Over the past year women have been infiltrating competitions historically reserved for men at an ever increasing rate. We all wanted to see Danica Patrick win the Indy 500 recently, unless we were one of the men in the other cars. If Wie would have won the tournament she would have competed at the Ol' Boys Club at Augusta, where a woman playing in the most hallowed of American golf tournaments is considered blasphemous to some.
While watching Ogden's plight we were reminded why men and women don't normally compete against each other in sports. (With that line the temperature of every female reading this column just rose to a boiling point in preparation for a sexist comment.) It has nothing to do with whether women can perform at the same level as men, but is more chauvinistically motivated. Genders are segregated to protect boys, men, whoever from getting worked over in sports that they are "supposed" to be far superior in than women.
I don't have a problem with women competing against men in the same arenas; I just feel for the next Bobby Riggs who is set up for a fall. We don't want to see men beat the women, because that proves nothing. It would be a much more compelling story if Wie had beat Ogden and went on to win the tournament, but she didn't. Ogden played two more matches after his quarterfinal victory over Wie, but neither of them reached Sportscenter.
Although a lot more was at stake (a berth in next year's Master's to be exact), Ogden was made to feel like the boy fourth grader who gets matched up with a girl in tether ball. Lose, and you'll never recover socially. Get ultra aggressive trying to win and you may commit social suicide with as many dating opportunities as Screech Powers. Besides, as a student at BYU, isn't it somehow against the Honor Code for Ogden to be singled out in match play against a 15-year-old girl?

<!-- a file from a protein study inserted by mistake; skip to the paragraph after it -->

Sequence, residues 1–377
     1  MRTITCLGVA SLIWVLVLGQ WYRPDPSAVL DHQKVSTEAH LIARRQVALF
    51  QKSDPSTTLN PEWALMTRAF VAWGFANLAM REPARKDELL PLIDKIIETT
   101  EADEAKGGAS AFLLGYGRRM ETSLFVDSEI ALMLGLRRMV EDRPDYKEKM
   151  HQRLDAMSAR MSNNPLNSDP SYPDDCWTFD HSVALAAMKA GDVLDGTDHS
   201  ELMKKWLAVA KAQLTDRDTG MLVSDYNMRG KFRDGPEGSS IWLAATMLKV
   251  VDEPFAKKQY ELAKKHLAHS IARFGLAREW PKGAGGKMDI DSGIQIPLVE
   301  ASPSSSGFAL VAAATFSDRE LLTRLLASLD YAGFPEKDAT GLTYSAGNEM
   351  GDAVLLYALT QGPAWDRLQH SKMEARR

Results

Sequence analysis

As instances of women playing at or above the levels of the best men in their respective sports continues to increase, we will get used to it, and it won't captivate our attention. This day is soon coming and could arrive before Wie hits legal voting age.
Some sports such as football, baseball and basketball will never see a woman compete professionally, but most collegiate softball or basketball players can hold their own otherwise.
Softball pitcher Jennie Finch whiffed Cardinal great Albert Pujols in a charity event, something he hardly does against major league pitching, but if she had been throwing a baseball, she might be digesting her teeth still.
Ogden did himself well by winning against Wie, but was it really cause to rejoice that he proved he could beat a girl not old enough to drive?
It was cause to jump for joy when he shut down any skeptics by winning his next two rounds, but did anyone outside of Utah pay attention once Wie was bounced?
Absolutely not. The only way we pay attention to women's sports where they wear anything but tennis skirts or soccer shorts is if they compete against men. And the only way we pay attention to amateur golf tournaments is if Michelle Wie is involved.
For the men forced to compete against women in these events, whether they win or lose, they don't come out looking any better.
Comments? Feedback? Send your suggestions to Ben De Voe at news@davisclipper.